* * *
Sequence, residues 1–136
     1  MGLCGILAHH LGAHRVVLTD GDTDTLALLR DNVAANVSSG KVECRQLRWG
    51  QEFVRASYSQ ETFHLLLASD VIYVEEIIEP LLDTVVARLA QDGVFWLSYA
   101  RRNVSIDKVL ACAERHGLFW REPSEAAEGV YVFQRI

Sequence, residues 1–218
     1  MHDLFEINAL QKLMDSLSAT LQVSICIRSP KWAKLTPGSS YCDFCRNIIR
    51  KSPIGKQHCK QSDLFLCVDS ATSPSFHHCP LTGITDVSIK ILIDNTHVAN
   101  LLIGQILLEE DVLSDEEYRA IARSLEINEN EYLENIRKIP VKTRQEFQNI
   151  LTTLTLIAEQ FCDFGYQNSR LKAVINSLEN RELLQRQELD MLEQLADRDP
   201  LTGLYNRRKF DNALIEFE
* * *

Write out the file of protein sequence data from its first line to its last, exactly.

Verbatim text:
Sequence, residues 1–136
     1  MGLCGILAHH LGAHRVVLTD GDTDTLALLR DNVAANVSSG KVECRQLRWG
    51  QEFVRASYSQ ETFHLLLASD VIYVEEIIEP LLDTVVARLA QDGVFWLSYA
   101  RRNVSIDKVL ACAERHGLFW REPSEAAEGV YVFQRI

Sequence, residues 1–218
     1  MHDLFEINAL QKLMDSLSAT LQVSICIRSP KWAKLTPGSS YCDFCRNIIR
    51  KSPIGKQHCK QSDLFLCVDS ATSPSFHHCP LTGITDVSIK ILIDNTHVAN
   101  LLIGQILLEE DVLSDEEYRA IARSLEINEN EYLENIRKIP VKTRQEFQNI
   151  LTTLTLIAEQ FCDFGYQNSR LKAVINSLEN RELLQRQELD MLEQLADRDP
   201  LTGLYNRRKF DNALIEFE